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Students pounded by charity challenge

Students across Oxford are taking part in the national project ‘Live Below The Line’ which aims to raise money for charity and raise awareness about poverty.

Those involved in the campaign have to spend only £1 a day on food and drink for five days, including any ingredients you already have at home or gifts given from friends or family. The scheme in Oxford is running between Monday 29th April and Friday 3rd May.

The campaign was started in 2009 by Rich Fleming from the Global Poverty
Project and Nick Allardice from the Oaktree Foundation in Australia when they decided to live on $1.25 for three weeks.

Oxford students from across the university have signed up to the campaign, with groups from Brasenose and Hertford taking part  together. Working in groups allows people to pool their money, exploiting economices of scale and therefore making it easier to buy more food.

By Tuesday the campaign had nationally raised £462,000, with three more days to go until the end of the project. Donations close at the beginning of July.

Brasenose’s team have raised £1,244 so far, and has eleven members. Some Oxford students have taken part as members of ‘Just Love’ a new
organisation run by Christian students which encourages other students to engage with issues of social justice.

Tomas Christmas, a member of Just Love told Cherwell, “There are over thirty of us doing Live Below the Line this week, for the purpose of solidarity with the poor and to raise money for those who need resources most.

“There are so many injustices in the world, so many people who suffer while we live in relative comfort, and we want to actively take whatever steps we can to stand with these people and raise awareness of their situations. This was fundamental to how Jesus lived, and we want it to become fundamental in our lives today.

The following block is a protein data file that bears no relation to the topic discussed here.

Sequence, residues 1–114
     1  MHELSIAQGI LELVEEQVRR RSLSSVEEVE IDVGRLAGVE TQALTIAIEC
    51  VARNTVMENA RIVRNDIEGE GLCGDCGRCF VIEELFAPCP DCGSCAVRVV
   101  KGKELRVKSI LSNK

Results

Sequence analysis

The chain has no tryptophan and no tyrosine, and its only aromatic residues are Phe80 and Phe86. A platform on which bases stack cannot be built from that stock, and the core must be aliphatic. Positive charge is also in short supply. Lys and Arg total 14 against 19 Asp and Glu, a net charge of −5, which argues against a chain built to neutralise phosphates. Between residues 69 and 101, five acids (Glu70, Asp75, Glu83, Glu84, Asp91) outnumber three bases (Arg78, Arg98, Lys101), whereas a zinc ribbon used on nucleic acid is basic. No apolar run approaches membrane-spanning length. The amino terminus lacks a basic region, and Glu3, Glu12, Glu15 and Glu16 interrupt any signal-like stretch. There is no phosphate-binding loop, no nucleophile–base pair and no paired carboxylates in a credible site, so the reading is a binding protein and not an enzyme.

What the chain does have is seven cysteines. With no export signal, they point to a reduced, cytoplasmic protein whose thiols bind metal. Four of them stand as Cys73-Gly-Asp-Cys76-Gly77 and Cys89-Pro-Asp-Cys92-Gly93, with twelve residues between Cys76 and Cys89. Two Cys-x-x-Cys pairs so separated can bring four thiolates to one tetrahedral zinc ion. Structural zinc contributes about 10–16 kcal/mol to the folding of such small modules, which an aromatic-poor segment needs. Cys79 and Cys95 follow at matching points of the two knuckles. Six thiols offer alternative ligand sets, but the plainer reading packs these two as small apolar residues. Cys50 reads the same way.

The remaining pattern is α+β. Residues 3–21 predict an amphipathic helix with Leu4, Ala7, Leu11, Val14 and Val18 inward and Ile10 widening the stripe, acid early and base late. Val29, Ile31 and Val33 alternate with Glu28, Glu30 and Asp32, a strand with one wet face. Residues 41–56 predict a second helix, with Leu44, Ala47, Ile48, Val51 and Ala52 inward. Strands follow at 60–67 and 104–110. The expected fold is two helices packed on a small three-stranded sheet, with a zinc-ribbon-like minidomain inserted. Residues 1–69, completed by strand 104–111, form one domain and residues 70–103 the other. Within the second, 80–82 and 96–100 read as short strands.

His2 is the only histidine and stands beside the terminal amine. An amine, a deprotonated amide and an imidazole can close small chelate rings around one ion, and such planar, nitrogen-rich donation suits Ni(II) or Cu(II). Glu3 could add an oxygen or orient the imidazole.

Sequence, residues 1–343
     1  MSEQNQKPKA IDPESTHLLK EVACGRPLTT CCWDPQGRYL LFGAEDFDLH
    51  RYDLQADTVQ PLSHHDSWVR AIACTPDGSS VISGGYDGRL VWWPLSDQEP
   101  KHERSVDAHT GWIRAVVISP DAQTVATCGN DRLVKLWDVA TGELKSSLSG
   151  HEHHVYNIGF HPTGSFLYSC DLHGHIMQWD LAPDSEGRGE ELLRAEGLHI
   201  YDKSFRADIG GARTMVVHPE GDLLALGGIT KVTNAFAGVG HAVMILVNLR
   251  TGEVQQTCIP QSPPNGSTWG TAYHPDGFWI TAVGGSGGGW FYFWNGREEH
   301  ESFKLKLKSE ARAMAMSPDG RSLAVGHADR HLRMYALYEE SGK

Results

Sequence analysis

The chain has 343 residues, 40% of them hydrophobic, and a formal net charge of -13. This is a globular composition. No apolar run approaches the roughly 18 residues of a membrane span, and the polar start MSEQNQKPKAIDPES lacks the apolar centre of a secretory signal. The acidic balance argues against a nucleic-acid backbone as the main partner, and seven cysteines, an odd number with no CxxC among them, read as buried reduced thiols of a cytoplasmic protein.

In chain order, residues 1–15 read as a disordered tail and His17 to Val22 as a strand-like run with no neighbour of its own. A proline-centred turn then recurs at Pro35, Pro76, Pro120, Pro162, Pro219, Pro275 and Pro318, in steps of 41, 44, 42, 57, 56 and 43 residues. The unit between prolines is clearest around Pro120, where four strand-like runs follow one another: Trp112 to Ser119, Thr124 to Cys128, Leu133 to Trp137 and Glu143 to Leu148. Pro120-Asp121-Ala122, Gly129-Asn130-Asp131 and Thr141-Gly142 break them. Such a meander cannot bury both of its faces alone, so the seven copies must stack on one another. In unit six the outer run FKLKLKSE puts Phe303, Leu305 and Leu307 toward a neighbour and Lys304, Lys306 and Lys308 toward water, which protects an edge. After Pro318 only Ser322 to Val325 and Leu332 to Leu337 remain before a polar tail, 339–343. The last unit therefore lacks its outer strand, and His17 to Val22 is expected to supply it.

“By day 2 the challenge is already becoming very tough – and tomorrow will be worse as the rest of my college will be having roast duckling with
rissolee potatoes for dinner! (I’m not even sure what they are but they’re probably better than the everyday value bread I’ve been having.)”

He continued, “On the plus side, I’ve raised a bit of money for Malaria No
More, an incredible charity who have been greatly reducing malaria deaths
in sub-Saharan Africa.” 

Charlotte Weller, a student taking part as a team from Brasenose college also commented, “The goal is one thousand, two hundred pounds as a team by Friday. I think this week will make me realise exactly how lucky I am. It’s already been a lot harder than I expected it would be, all I seem to think about it food and prices. Ideally, I’d also like to make it to Friday without passing out.”

Another participant, Ruth Meredith, stated, “So far, it’s been a bit grim, but obviously nothing on the scale of being in perpetual poverty. While we’re struggling to get through the day, we know that come Saturday, we can eat what we like. We don’t have to deal with the reality of being permenetly in poverty, knowing that next week I’ll be as hungry as
this week, and as hungry as I was last week.

She continued, “Hopefully, we’ll raise awareness, and funds, for some
of the causes like UNICEF and Positive Women trying to tackle some of the problems.”

Participant Alice Newton-Fenner said, “This week is offering a glimpse
of the massive difficulty that something as simple as eating can present
to those without the resources we take for granted. Despite being
coerced into it by a friend, I really am getting to understand the actual value for money.”

Other Oxford students have also been receptive to the idea. Rupert
Tottman, a student at Balliol College opined, “I think it’s a good idea, especially if it’s raising money for charity. Hopefully it will also make people
more aware about poverty and make people like Iain Duncan-Smith think
when they say it’s easy to live on benefits.”

Sarah Santhosham, OUSU Vice President (Charities & Community) said,
“It’s good to see students across colleges joining together in a challenging initiative to help combat extreme poverty. Such fundraising initiatives are great not only for raising money for some of the leading development charities, but also for raising awareness of the plight of over a billion people.”

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